MacMillan, David James (2009) Influences on the cold start behaviour of a diesel engine at reduced compression ratio. PhD thesis, University of Nottingham.
The design trend for light duty diesel engines is towards lower compression ratio and higher turbocharger boost. This can enable higher specific power and lower pollutant emissions to be achieved, but raises concerns that cold start operation might be adversely affected. This is investigated and quantified through the study of a modern light duty diesel engine at two compression ratios and temperatures down to -20ºC.
Key indicators of cold start performance are the magnitude and cycle-to-cycle variation of indicated mean effective pressure. Initial studies were carried out at 300 rpm, a speed representative of post-first-fire conditions. Studies were then conducted at higher engine speeds representative of cold idle. The utility of different injection strategies, timings and quantities is investigated when varying test temperature and engine speed through a range of values encountered during the cold start phase of engine operation. The importance of the glow plug as a cold start aid is also investigated by varying its operating temperature and protrusion into the combustion chamber. The indicated mean effective pressure was used to assess the effects of varying input parameters, and gross heat release rate information is used to identify the phenomena responsible for desirable or undesirable characteristics.
Reduction in compression ratio led to no deterioration of initial start performance from speeds just above cranking, provided an appropriate injection strategy was chosen. Higher indicated mean effective pressure was possible at low speeds using low compression ratio due to reduced losses and more complete combustion. Cycle-to-cycle variability in indicated mean effective pressure increased markedly for both compression ratios at engine speeds representative of cold idle, especially when test temperature was reduced. Stability reduction was more severe at low compression ratio.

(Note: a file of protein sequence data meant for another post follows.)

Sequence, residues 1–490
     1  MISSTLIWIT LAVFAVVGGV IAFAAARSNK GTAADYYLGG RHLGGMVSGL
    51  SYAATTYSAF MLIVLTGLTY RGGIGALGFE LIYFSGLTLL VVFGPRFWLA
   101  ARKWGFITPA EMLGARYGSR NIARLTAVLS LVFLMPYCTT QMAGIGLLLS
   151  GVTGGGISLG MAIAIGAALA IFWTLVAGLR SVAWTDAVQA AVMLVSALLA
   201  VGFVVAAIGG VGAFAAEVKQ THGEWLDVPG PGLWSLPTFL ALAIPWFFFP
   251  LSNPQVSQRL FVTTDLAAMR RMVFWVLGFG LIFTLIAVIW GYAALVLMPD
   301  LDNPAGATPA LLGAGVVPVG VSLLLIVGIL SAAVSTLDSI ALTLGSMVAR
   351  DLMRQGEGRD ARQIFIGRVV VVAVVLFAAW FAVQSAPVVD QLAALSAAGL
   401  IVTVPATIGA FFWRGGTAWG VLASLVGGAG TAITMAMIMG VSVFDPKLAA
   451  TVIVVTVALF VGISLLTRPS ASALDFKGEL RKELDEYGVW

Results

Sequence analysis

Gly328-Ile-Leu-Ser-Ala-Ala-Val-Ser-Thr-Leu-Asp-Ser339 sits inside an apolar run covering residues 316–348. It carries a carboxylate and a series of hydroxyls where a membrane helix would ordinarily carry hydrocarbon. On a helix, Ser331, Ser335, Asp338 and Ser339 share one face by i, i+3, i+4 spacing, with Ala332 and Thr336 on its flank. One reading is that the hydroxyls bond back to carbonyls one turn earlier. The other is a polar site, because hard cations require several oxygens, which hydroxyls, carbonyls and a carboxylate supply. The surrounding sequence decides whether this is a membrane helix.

Multiple pilot injections at high compression ratio cold idle resulted in better cycle-to-cycle stability. Analysis of heat release profiles suggested that additional pilots assisted fuel mixing, a conclusion supported by a computational fluid dynamics model. Multiple pilots created a more homogeneous fuel distribution through the bowl at time of main injection. Multiple pilots could not stabilise operation at low compression ratio.
Improvement in cold idle at low compression ratio was achieved by increasing glow plug temperature, which significantly increased the rate of fuel preparation. This increased the initial rate of heat release and resulted in significantly less variation in the heat release rate profiles. Small changes in glow plug protrusion rapidly degraded cold idle performance, indicating the importance of correct design.
|Item Type:||Thesis (PhD)|
|Faculties/Schools:||UK Campuses > Faculty of Engineering > Department of Mechanical, Materials and Manufacturing Engineering|
|Deposited By:||Mr David MacMillan|
|Deposited On:||10 Dec 2009 12:47|
|Last Modified:||10 Dec 2009 12:47|
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